Hope is overrated

English: "Mountain of Despair" -- pa...

English: “Mountain of Despair” — part of the Martin Luther King, Jr. Memorial, Washington, DC. Image is that visitors pass through the Mountain of Despair to the “Stone of Hope.” (Photo credit: Wikipedia)

Hope is overrated.

It’s a crap shoot that gambles away our perseverance against the odds that one day our circumstances will improve.  It’s a blind wager that spiritually bankrupts.

It has no substance.  There’s little reason to believe that things will get better.  We just want them to, and we naively believe that’s enough.

Often times hope takes no effort because we’re just waiting for the stars to align in our favor.  Since we believe that our situation isn’t up to us, we do little or nothing and wish upon a star.

Allegorical personification of Hope: "Hop...

Allegorical personification of Hope: “Hope in a Prison of Despair” by Evelyn de Morgan (Photo credit: Wikipedia)

Simply waiting it out can lead to artificially numbing the pain of the struggle in the most convenient way.  You know what that looks like for you.

Our kind of hope is based on our desires – the way we want things to work out in our lives.  So even if we get to achieve our humanly conceived utopia, it often doesn’t measure up to expectations.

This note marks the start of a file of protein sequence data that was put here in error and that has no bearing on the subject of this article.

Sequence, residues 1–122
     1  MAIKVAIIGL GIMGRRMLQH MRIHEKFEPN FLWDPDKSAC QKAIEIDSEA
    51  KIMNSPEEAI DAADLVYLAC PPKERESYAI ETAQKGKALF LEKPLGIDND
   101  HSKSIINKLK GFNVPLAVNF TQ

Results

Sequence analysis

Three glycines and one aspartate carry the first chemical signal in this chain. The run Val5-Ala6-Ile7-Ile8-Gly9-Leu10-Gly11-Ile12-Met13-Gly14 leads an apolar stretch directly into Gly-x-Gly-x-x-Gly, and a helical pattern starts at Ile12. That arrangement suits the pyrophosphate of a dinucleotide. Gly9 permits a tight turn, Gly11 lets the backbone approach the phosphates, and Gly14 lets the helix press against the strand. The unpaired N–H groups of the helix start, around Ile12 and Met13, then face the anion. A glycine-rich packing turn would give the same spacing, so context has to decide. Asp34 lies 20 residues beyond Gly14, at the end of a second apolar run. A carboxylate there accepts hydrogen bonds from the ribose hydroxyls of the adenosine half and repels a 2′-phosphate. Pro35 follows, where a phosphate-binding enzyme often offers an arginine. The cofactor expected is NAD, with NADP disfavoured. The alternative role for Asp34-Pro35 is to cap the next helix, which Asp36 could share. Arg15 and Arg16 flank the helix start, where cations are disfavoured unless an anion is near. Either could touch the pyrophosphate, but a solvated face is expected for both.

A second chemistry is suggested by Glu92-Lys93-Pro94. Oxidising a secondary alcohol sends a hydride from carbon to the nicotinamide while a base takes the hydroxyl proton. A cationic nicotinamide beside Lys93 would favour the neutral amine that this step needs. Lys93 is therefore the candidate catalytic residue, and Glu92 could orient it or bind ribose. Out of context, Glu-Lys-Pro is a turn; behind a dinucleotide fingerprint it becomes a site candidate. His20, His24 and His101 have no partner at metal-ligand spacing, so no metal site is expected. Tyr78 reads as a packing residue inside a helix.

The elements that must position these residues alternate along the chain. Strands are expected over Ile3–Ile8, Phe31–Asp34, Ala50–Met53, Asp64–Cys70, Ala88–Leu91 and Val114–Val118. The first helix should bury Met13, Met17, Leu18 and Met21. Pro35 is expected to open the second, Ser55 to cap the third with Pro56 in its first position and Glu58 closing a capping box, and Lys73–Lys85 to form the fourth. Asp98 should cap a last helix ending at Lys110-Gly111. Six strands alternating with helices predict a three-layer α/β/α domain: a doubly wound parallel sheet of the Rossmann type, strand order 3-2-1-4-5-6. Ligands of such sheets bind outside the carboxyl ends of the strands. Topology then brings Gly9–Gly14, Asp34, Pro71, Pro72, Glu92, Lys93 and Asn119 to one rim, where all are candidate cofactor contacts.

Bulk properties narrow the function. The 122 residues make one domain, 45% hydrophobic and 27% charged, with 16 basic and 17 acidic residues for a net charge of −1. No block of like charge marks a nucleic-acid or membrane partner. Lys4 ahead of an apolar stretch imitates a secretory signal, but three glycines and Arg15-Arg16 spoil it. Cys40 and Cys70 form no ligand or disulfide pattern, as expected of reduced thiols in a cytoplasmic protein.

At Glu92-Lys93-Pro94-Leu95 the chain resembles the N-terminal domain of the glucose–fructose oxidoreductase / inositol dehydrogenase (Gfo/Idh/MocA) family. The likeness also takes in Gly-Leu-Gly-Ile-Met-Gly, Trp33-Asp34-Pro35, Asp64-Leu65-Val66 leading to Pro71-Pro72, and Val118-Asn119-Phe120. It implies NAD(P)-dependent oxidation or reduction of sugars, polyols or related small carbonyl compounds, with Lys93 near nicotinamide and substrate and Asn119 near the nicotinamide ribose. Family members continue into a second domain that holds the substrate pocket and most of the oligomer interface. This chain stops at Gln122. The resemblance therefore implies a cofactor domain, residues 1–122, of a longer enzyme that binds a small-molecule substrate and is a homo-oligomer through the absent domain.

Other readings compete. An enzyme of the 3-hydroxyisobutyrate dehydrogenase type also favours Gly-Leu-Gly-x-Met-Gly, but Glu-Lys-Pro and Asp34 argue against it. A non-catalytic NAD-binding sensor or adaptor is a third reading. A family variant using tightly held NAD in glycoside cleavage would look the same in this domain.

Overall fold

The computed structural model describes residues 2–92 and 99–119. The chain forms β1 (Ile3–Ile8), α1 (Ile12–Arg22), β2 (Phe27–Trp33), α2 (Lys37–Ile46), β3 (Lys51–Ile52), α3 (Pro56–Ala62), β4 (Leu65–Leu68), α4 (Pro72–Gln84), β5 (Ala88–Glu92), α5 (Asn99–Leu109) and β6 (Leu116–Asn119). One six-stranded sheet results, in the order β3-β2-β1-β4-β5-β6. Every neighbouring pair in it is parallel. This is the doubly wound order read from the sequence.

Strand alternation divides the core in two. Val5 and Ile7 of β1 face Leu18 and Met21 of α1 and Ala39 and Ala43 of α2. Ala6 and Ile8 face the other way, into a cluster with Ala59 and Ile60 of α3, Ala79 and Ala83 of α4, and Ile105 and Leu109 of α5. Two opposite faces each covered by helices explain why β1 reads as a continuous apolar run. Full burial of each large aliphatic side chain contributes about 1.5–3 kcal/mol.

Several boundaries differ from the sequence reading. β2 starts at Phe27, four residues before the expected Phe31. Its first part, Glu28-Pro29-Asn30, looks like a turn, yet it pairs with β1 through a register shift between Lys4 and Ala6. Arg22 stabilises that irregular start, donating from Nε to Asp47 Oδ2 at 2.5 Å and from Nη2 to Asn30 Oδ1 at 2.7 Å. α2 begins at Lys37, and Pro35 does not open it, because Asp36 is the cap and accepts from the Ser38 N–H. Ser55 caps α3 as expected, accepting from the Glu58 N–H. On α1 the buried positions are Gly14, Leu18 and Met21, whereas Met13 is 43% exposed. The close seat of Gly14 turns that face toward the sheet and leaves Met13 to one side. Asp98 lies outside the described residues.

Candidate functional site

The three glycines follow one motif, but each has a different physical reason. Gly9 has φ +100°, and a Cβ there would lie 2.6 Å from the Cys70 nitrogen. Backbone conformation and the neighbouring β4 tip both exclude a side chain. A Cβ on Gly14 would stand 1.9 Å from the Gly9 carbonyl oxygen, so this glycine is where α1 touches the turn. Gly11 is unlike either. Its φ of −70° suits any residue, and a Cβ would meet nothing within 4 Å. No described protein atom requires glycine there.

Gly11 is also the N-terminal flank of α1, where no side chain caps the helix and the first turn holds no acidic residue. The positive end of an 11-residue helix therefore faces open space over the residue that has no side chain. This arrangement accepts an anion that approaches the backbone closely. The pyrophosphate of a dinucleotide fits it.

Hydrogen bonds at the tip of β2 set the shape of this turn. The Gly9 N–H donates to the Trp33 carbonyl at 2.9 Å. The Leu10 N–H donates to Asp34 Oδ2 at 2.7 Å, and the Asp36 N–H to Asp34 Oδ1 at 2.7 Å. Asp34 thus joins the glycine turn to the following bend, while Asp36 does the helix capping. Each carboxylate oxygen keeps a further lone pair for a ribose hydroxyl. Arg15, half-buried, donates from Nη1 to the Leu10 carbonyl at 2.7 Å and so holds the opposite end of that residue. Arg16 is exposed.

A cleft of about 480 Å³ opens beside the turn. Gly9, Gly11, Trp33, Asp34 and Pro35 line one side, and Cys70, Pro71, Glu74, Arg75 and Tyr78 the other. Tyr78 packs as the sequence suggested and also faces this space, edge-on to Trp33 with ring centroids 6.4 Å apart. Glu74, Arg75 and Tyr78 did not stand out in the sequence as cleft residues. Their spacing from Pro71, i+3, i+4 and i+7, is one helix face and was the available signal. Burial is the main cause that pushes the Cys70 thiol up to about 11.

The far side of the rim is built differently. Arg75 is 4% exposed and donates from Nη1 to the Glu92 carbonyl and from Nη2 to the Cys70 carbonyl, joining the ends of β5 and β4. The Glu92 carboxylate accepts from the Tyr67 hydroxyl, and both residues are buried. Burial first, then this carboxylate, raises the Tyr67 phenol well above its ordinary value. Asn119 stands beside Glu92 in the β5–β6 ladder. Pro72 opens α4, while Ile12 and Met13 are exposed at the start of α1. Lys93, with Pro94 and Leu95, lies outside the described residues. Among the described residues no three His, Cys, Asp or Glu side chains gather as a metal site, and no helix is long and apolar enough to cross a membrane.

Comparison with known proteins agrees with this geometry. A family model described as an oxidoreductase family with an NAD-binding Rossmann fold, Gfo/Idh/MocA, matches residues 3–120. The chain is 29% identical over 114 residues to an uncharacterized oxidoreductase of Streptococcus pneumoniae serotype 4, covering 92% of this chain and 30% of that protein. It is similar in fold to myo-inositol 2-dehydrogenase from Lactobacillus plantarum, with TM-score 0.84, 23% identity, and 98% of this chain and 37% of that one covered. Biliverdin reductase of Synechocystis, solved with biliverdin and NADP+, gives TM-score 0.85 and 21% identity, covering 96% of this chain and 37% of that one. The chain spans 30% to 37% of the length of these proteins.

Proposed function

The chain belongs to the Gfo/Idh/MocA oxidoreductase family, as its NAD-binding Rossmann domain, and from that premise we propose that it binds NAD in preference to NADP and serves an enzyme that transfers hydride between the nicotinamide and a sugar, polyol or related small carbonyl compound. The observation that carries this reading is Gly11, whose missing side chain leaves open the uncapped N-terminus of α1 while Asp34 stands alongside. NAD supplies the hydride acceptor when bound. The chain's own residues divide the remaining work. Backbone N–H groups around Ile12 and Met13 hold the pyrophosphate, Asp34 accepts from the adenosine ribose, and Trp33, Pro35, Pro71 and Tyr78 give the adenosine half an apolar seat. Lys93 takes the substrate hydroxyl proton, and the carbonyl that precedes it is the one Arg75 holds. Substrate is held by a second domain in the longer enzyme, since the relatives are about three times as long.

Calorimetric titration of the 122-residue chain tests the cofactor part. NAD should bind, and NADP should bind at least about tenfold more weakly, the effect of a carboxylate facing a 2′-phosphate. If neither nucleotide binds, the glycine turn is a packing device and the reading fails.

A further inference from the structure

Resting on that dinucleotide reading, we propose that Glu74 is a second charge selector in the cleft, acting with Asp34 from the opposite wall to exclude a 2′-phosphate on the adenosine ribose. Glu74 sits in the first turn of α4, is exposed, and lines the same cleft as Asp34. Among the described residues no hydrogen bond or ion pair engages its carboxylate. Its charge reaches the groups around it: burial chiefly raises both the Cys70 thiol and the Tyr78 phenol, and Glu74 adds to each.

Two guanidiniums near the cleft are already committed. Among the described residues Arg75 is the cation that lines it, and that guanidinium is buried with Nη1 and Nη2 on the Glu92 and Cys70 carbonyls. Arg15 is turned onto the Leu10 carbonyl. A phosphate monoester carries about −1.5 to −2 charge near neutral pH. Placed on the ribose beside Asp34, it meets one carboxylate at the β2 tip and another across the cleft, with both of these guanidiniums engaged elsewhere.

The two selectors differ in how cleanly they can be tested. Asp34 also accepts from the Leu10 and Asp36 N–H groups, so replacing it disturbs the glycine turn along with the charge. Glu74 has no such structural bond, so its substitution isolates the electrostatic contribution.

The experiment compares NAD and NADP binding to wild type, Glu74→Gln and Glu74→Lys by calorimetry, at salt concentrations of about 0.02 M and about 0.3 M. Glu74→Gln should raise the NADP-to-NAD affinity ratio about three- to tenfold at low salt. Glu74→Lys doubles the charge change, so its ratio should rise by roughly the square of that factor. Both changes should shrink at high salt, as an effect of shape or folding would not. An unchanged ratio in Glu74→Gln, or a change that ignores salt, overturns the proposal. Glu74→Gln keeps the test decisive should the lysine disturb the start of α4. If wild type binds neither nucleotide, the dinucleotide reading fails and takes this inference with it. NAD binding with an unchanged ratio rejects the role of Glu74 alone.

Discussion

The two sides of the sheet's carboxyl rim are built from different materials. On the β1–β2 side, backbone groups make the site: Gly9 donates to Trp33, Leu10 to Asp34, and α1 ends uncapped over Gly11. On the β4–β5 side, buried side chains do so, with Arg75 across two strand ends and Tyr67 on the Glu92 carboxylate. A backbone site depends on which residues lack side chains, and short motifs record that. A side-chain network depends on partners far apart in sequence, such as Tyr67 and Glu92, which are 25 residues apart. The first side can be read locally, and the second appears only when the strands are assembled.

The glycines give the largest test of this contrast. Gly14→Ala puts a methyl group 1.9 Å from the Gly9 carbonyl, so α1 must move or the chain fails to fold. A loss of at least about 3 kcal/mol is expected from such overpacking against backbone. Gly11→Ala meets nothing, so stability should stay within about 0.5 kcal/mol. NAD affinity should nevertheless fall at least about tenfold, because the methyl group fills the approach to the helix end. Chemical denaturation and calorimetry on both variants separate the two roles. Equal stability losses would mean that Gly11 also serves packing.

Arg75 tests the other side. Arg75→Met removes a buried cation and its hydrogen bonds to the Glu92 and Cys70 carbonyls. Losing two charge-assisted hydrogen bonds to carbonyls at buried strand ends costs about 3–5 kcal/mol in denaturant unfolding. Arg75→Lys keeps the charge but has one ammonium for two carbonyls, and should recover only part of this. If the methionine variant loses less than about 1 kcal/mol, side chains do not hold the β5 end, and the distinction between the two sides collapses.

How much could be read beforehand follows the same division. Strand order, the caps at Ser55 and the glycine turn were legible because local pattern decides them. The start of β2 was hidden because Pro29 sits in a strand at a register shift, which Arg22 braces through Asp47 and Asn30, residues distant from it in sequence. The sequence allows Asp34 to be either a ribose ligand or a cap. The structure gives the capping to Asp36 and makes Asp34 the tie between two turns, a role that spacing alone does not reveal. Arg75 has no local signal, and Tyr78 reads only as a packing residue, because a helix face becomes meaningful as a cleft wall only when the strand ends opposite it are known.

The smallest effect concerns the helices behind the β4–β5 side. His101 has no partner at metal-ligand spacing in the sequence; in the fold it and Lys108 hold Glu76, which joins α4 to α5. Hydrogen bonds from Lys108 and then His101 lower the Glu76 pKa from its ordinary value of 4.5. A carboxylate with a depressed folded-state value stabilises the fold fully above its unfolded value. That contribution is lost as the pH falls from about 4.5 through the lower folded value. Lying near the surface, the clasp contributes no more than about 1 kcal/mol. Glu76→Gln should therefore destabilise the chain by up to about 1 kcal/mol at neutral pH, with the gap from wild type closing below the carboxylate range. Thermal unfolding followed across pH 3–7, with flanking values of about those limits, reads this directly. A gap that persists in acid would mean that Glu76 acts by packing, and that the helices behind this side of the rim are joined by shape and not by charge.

But, fortunately, the hope I’ve been referring to isn’t the hope of the Bible.

Hope found in the Bible is different from today’s version. The Greek word means: Confident expectation of eternal salvation (NAS NT Greek Lexicon).

It’s not a wishy-washy anticipation of what we’d like to happen.  It’s not waiting for an unfeeling universe to give us our due.  Things will get better because God said they will.

It’s living out life with a purpose more grand than our comfort and a reward beyond our wildest dreams.  Things will get better. It may not be in this life, but it will be for eternity.

Because we trust in Jesus, we know that our suffering isn’t arbitrary.  He uses it for our good.  So we don’t just bear it, we look for how he is improving us through it. Instead of lessening the pain in addictive ways, we attack the area in our lives that God is bringing to our attention.

Bible hope can change your world by changing your outlook.

Have you ever been in a job you hated?  When new employment was secured, what was work like that last few days at your old job? Nothing mattered!  Bothersome coworkers no longer affect you.  Your cramped office and awful hours no longer bring you down because you know they are even more temporary.  The days are good not because conditions have changed, but because your confidence in the future has changed you.

Imagine living life like that – as if you can bear the worst conditions because your mind is already set on something greater.  The Bible uses the word hope to define faith in Hebrews 11:1:

Now faith is confidence in what we hope for and assurance about what we do not see. (NIV)

God says that real faith, the kind that he commended the heroes of the Bible for, is derived from trusting in him for our future – that, ultimately, he will make things right for us.

If your quality of life is based on chance, it’s time to upgrade to real hope.  Put your trust in Jesus and look forward to a real future.

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